Let's be honest here- the zombie apocalypse is coming at soem point so anything that helps us survive it has to be a good thing. There are lots of films and source material about zombies, some of it contradictory, so Willis narrows his view of zombies down, largely to The Walking Dead, but also taking in Zombieland, 28 Days Later and many others. Most of the show relies on interaction between the audience and Willis - for example I was asked what the best weapon I had in my house would be - I fudged as I didn't want to get into a disussion on what a truffle stick was! We were also asked to think about the best defensive position for our group of survivalists - everyone seemed to forget the rather large castle a few hundred yards from where we were... And then one memer of teh audience was asked to choose from a list of celebrities to make a survival team. I won't prime you with who the choices are but if you had the person choosing that we did you would realise that we are all dead. Or as the badge handed out at the end of the show remined us - we're all just zombie food.
All told it was zombies and it was presented in a fun and laid back manner. Part of the Free Fringe and as far as I can tell the best zombie survivalist show on the Fringe this year.
Deborah Hyde Interview With a Vampire Expert
Most shows at the Edinburgh Fringe are repeated but, like the Richard Wiseman event in the previous review, this talk is a one off but part of a series. So whilst you have missed this one there are others at the same time and same location.
Deborah Hyde is the current editor of the UK Skeptic Magazine and is making a welcome return to the Edinburgh Fringe. Last year she spoke on Werewolves and this year it was to be Vampires. But not especially the Vampire of the movie, and most definitely not the Twilight vampire. This was to be a talk on folkloric vampires and it included a quiz!
From their origins from the little understood way a human body decomposes through to plagues vampires have been woven into the human psyche for many centuries, particularly from the 18th onwards in the Balkan States, Greece, Turkey and associated areas. A dead body can still appear to have growing hair and nails, actually shrinkage of the skin due to water loss. A freshly exhumed corpse can show fresh blood around the lips - decomposition of the internal organs and the liquid remnants bubbling up. These and many other things that happen to a decomposing corpse can lead to people believing it to be undead. Similarly a spate of similar deaths must have a cause - obviously that strange old person who recently died and no one liked must be to blame. So instead of a plague wiping people out and corpses decaying you suddenly have a vampire myth.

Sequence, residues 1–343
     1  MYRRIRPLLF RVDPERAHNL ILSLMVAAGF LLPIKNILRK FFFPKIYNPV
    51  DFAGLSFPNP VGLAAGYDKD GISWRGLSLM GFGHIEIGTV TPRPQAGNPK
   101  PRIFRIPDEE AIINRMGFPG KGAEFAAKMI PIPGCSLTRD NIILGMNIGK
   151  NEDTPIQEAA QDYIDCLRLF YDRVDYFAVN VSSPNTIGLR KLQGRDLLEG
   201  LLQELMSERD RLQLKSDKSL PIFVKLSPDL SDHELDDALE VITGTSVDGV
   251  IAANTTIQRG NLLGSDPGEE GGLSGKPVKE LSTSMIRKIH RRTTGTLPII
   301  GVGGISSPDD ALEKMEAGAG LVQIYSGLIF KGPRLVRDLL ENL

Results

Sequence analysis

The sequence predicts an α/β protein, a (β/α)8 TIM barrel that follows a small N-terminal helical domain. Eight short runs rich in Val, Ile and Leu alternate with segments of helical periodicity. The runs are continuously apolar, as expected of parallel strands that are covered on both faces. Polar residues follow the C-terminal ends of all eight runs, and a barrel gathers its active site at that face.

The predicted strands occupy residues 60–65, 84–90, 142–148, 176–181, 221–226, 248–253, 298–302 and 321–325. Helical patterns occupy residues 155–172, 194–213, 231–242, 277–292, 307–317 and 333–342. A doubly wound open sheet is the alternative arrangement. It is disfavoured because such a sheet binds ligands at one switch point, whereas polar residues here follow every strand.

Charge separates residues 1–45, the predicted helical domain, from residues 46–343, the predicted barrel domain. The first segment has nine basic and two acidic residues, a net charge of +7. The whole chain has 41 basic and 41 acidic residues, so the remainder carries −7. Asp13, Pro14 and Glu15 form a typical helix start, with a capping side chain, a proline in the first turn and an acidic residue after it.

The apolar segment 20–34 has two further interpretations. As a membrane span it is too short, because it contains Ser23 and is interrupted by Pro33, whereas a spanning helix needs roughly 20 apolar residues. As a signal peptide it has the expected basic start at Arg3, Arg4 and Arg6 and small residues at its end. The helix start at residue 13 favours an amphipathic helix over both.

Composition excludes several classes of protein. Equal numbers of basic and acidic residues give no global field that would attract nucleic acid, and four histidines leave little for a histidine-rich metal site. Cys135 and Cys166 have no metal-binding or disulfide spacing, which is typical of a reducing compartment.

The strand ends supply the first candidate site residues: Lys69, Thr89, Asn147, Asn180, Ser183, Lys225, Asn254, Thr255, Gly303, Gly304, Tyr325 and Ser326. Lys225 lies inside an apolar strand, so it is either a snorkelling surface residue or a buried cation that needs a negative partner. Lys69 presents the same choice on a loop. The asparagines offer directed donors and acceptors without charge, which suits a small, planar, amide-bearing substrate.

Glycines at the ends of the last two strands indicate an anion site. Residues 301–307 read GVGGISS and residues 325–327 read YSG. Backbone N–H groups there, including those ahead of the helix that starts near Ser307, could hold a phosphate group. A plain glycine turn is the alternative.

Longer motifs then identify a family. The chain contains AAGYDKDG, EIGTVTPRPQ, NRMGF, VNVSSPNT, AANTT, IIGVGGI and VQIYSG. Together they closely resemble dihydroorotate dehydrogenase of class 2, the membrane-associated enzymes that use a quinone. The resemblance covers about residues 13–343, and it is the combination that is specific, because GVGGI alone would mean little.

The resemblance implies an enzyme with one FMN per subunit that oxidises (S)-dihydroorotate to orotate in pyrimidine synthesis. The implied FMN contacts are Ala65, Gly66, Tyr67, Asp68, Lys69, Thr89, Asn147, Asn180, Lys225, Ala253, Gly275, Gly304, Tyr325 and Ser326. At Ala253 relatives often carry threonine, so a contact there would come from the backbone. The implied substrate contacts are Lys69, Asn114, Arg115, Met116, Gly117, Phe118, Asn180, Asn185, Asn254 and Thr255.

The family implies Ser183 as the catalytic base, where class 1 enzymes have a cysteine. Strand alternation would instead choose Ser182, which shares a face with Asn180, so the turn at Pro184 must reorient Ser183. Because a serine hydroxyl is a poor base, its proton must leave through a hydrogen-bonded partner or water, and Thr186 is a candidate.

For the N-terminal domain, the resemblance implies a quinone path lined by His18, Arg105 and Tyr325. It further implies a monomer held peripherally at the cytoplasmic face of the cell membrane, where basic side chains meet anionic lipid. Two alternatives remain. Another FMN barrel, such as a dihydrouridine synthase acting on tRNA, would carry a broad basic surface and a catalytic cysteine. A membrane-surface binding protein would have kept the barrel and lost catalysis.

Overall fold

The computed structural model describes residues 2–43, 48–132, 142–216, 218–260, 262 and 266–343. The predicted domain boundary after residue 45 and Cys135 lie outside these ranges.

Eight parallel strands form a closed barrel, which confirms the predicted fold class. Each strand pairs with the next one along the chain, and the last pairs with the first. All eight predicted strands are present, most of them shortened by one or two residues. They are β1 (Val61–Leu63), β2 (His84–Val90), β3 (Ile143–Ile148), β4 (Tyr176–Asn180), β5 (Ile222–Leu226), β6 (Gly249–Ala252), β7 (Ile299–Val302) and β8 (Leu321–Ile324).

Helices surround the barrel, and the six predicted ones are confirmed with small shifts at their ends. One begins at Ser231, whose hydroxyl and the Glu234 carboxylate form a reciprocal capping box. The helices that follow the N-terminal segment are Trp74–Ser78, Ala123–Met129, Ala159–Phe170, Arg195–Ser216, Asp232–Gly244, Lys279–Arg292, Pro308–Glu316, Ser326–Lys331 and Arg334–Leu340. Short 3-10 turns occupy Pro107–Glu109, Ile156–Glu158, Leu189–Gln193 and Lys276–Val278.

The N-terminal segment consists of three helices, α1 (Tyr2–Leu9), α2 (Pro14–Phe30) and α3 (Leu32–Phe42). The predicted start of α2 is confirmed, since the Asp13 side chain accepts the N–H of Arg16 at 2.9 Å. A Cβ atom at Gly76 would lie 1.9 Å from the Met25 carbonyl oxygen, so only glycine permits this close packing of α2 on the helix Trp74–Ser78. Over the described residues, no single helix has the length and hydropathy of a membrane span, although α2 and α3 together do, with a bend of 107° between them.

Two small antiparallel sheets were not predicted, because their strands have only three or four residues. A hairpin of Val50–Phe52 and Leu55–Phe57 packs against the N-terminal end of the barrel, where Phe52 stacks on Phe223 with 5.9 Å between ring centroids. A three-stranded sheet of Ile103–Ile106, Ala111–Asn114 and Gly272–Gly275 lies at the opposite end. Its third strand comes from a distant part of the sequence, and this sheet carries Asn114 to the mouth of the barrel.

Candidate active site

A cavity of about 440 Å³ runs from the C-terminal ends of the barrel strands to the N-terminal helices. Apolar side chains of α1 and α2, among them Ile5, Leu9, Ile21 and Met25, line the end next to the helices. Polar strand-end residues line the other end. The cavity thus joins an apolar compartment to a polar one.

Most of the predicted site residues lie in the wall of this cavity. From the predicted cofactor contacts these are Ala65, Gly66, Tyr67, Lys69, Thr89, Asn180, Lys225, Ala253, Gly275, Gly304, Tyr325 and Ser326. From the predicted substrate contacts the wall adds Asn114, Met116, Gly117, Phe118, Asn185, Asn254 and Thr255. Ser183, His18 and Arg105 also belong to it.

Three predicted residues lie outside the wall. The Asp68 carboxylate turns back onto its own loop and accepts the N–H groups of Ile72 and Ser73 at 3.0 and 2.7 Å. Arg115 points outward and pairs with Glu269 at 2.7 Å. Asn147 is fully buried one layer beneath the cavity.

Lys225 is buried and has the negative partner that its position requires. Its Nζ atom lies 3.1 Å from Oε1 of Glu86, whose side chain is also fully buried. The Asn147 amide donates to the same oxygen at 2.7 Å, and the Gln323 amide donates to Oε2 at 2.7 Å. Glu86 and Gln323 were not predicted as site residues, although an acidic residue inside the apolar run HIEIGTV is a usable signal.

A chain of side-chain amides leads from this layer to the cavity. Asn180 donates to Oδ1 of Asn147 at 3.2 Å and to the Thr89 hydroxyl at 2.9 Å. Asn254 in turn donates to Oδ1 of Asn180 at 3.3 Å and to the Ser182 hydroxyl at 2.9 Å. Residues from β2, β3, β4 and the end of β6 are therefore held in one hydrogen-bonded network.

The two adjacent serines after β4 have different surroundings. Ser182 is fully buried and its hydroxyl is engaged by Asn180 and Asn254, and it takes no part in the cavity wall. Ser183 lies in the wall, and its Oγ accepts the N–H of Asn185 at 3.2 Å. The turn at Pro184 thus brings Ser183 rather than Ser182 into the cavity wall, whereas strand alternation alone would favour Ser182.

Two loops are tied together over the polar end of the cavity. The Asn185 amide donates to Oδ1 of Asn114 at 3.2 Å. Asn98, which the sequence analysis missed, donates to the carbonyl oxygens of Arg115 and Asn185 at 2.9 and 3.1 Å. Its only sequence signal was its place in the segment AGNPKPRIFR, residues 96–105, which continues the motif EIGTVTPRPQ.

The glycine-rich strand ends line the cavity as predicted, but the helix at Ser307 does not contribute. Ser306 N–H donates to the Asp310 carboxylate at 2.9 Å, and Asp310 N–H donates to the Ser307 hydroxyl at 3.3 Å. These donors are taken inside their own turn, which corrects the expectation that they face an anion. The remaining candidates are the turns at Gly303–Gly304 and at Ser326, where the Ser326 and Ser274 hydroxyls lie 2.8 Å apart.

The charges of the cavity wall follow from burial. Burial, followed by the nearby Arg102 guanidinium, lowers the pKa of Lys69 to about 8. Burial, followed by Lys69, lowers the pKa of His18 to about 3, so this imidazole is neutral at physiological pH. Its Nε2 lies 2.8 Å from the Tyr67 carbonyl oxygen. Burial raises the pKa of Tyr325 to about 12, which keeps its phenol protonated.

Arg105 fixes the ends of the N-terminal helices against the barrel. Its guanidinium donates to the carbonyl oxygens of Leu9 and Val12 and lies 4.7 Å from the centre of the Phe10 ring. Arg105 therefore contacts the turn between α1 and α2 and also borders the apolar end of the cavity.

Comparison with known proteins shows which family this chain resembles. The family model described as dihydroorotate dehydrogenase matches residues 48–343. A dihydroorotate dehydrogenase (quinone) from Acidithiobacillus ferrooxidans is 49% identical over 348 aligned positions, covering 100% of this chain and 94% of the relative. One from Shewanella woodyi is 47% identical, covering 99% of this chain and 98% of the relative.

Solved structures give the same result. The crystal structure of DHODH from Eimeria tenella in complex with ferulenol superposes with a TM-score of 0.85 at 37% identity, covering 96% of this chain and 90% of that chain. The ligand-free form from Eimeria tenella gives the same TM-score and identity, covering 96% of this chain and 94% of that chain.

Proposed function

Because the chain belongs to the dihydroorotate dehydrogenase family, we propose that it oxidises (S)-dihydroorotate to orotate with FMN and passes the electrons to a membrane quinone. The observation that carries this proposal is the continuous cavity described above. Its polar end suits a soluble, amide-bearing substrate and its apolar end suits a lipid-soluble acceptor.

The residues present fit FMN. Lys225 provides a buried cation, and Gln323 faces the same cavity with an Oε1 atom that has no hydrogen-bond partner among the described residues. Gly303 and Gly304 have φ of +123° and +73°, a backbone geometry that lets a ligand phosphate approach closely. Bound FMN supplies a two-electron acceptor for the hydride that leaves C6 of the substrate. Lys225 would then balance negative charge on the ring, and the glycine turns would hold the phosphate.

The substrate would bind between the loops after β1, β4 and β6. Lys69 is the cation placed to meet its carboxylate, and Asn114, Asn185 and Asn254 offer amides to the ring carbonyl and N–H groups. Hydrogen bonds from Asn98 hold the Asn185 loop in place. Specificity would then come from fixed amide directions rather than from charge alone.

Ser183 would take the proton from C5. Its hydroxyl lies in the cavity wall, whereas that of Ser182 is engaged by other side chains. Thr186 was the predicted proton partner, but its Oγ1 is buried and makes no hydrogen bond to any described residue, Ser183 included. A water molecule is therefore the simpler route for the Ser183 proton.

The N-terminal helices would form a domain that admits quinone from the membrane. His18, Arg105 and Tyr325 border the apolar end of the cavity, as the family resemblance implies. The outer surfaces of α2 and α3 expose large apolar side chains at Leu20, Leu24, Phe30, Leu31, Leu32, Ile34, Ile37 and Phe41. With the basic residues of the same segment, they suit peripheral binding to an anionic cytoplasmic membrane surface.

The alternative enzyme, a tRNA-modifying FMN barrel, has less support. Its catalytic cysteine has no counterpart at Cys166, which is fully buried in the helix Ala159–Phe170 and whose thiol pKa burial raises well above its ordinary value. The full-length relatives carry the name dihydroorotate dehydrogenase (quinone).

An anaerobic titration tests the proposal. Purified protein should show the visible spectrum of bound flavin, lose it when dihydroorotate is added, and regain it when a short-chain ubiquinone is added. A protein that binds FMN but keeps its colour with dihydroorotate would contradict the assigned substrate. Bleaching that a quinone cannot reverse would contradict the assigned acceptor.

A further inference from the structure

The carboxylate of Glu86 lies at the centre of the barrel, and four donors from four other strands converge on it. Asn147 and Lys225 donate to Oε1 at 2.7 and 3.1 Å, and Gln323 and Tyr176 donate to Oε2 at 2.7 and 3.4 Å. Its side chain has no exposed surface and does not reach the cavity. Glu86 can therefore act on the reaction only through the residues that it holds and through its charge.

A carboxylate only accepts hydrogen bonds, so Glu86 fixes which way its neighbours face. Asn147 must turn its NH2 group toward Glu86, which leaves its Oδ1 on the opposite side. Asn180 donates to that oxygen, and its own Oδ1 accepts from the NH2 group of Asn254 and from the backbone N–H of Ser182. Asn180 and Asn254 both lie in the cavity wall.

Richard Wiseman Psychobabble
Most shows at the Fringe are performed repeatedly so there are plenty of options to see them but there are a few one offs and this was one. It's part of a series of talks at The Assembly Rooms which includes Jon Ronson and Robin Ince.
Richard Wiseman holds the chair of Public Understanding of Psychology at the University of Hertfordshire and has written a number of excellent books, the latest of which, Rip It Up, has just been released in paperback.
Psychobabble is really a journey through the interests of Wiseman, starting off with magic, so cue a few magic tricks from the former professional magician. This then led on to his interest in optical and auditory illusions and how we perceive the world- his demonstrations will have forever changed the way the sell out audience view Mickey Mouse and Carmina Burana. We then moved to the paranormal including the world's scariest fire walk and a mass public participation with ghost photographs. Finally we were treated to some aspects of luck and the psychology of change.
So, that's the topics that were covered but how was it? In a word, excellent! Wiseman is an engaging speaker, both accomplished and relaxed he seems to be having as much fun as the audience and not to the detriment of our enjoyment as you sometimes see from some performers.
Every year for a long time I've reviewed shows at the Edinburgh Fringe Festival and Edinburgh International Book Festival with Fortean overtones for Fortean Times and more recently exclusively for this website. And it's that time of year again - the Fringe is starting up as I write this and the tents are being put up for the Book Festival. I'll report on what I can. But as there are 2 871 show's performed by 24 107 artists in 273 venues across Edinburgh I won't be able to make them all! Heck some of them I won't even know about as going through the brochure is a mammoth effort in itself! If you see or know of any shows you think I should go to let me know and I'll see what I can do.
One person has been in touch about his own show and it definitely looks to be of a Fortean theme - Paul Gannon's Ain't Afraid of No Ghost,
A few other things are happening as well, for example until November 3rd the National Galleries of Scotland are having an exhibition of paintings entitled Witches and Wicked Bodies. The Edinburgh Fortean Society is taking a break as venues are hard to come by during the Fringe but they will be back with their monthly meetings after the Fringe has finished, with a first meeting in September with Caroline Watt talking about precognitive dreams.
Good news - Charles Fort is getting the official recognition he deserves.
After lobbying the relevant committes for a blue plaque for Fort at 39 Marchmont Street, London, and being turned down, Bob Rickard organised an unofficial plaque which has been a place of pilgrimage for many for a number of years.
But now the Marchmont Association inform us that a blue Plaque for Fort is coming - it doesn't physically exist yet so they sent us a mock up